Portal:AOL-Files/Articles/AIM Jacking on Macintosh Systems

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(Originally by AOL-Files staff member Tau 2001-02-21, Updated: 2001-02-25)

Many may remember the PC indent exploit that also allowed users to jack AOL Instant Messenger screen names. This was accomplished by changing the language code using the uni_next_atom_typed atom. Unbeknownst to many, this exploit still exists on Macintosh systems and Hypah has been making the most of it.

When AOL patched the PC exploit they basically added a few lines of code to the registration process that instructed the screen name be sent back and canceled if it included the language code atom. However, on Mac AOL 2.7 the token structure is completely different. When AOL patched the PC exploit, they did not patch the Macintosh system. This is ironic, because when BMB discovered how to steal AIMs on PC's, he did it the same way that Hypah originally did on Macintosh: by changing the language code.

AOL-Files Hypah shot.jpg

AIM jacking has been occurring on Macintoshs since its discovery by Hypah in April 2000. Not until recently has this greatly affected anyone because not many on Macs know how to do it. Hypah, greatly disturbed by the rising number of people bragging over their "elite" three character AIM screen names, decided to take action. Last Sunday, February 17th, 2001, Hypah began jacking every three character AIM name that could be jacked.

His program would generate each AIM then test to see if it could be jacked. Two restrictions were that the name had to be less than ten characters and it could not have been an AOL screen name within the past six months. Then he would try to jack the AIM. This was done by sending a language code plus an AIM name that would together make up the stolen name. For example, if he wanted to steal the AIM screen name "abc" he would send the language code "ab" and "c" as the AIM screen name.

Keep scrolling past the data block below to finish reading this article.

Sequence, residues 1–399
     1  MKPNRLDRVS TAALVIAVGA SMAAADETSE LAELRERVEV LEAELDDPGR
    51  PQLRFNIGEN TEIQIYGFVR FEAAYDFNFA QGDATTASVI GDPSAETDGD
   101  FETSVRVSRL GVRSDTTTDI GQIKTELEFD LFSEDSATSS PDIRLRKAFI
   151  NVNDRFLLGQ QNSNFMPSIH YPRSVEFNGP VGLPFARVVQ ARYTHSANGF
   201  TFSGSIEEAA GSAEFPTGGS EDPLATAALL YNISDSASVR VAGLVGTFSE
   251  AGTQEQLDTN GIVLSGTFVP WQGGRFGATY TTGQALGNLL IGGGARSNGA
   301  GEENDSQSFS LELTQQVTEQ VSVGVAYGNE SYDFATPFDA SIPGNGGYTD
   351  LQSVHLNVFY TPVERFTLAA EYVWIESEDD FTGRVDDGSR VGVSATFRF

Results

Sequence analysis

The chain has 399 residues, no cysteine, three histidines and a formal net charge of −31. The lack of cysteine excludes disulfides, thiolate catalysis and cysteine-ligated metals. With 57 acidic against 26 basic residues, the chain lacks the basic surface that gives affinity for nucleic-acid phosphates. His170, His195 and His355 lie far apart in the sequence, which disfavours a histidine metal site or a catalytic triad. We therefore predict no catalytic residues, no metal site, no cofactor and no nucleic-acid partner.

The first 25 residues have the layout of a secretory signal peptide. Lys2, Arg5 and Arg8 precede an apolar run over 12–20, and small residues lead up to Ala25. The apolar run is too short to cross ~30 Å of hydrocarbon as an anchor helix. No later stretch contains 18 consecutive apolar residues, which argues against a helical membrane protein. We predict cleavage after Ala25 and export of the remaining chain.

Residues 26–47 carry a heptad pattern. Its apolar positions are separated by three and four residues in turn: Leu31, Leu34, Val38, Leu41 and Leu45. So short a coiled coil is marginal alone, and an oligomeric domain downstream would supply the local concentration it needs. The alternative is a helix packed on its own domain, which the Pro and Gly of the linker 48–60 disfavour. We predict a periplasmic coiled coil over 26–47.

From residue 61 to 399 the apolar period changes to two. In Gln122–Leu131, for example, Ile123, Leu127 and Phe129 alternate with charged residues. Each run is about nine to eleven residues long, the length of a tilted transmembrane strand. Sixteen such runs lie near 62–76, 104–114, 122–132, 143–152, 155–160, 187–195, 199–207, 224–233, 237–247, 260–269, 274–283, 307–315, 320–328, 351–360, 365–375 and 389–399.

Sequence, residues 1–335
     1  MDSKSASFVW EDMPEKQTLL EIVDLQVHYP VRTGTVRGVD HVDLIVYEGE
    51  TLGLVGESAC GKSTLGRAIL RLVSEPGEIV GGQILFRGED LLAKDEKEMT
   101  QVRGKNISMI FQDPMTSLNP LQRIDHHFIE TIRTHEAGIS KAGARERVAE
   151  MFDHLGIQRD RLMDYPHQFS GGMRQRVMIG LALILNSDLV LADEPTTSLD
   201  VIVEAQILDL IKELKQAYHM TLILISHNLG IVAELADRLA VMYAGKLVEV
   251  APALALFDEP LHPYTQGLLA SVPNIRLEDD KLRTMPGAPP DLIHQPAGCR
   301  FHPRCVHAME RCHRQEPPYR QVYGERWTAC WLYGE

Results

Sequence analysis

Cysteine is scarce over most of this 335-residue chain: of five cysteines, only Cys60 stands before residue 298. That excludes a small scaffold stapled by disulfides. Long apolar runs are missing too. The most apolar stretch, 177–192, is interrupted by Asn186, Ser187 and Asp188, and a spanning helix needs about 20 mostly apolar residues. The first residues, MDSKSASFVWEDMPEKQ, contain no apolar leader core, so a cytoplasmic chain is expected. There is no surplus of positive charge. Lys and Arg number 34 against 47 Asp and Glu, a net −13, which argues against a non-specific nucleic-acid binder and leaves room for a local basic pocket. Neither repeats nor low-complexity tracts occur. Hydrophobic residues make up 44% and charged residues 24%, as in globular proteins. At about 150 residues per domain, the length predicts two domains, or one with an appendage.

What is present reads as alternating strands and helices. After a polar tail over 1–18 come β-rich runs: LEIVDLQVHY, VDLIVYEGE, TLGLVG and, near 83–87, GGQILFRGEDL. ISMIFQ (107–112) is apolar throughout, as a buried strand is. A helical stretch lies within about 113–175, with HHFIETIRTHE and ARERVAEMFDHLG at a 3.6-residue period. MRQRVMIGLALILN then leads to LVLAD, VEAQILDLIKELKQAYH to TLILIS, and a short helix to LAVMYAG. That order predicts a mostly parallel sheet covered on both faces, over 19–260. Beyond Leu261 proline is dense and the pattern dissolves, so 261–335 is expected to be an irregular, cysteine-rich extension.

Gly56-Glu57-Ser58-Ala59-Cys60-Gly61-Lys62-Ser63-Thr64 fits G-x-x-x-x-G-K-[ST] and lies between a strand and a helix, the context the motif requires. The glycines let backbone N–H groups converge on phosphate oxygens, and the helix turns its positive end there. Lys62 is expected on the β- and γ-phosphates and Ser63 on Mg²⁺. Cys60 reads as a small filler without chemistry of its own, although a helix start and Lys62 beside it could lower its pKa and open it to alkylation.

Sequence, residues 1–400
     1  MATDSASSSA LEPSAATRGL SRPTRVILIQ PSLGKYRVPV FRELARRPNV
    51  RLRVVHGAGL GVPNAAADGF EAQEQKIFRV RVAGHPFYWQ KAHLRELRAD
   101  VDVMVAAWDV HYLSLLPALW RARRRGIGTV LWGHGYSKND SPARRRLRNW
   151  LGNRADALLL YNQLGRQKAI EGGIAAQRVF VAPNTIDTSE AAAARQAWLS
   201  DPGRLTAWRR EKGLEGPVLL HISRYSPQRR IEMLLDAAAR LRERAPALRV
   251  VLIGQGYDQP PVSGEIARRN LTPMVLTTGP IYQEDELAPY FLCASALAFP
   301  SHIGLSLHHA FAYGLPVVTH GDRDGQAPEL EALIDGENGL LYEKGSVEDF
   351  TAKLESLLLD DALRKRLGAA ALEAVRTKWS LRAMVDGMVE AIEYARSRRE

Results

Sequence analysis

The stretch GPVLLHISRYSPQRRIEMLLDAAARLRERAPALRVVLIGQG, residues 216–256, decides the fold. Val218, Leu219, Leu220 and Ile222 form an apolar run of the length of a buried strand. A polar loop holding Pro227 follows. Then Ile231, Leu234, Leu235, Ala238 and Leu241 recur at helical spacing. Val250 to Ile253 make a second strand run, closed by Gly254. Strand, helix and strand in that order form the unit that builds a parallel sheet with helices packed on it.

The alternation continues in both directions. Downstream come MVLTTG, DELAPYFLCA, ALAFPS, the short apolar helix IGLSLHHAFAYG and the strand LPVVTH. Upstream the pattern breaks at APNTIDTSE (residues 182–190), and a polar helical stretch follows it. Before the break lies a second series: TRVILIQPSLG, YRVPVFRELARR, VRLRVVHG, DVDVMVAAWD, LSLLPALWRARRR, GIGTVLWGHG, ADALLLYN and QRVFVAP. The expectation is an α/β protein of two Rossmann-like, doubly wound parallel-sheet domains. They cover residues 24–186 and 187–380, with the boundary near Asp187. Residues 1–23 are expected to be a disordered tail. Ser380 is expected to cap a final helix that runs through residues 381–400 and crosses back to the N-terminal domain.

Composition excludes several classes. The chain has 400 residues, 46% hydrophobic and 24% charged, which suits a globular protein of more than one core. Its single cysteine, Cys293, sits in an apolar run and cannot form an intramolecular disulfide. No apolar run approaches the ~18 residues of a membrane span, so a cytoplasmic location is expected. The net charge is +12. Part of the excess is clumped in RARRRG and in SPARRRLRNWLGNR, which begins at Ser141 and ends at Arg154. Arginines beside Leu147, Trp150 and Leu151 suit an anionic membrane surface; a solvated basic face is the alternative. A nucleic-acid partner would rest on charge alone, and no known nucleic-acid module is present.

If "c" was not an existing name on AIM then he could steal the name. When AOL registered the name it combined the language code and the AIM name that he sent. In this case it would be "abc". If that way did not work, he could also send the language code "a " (note the space after 'a') and "bc" as the AIM name. Since no one or two letter screen name exist on AIM, he could make any name except as long as it met the restrictions stated above.

In two days, Hypah jacked 4,751 three character screenname. However, all of these now exist in a state of purgatory. After each screen name was verified, he canceled the registration process. In this way, all of the names that went through to the system were flagged as taken, but the account was never created. Every name has a random passwords as well.

This exploit is still active.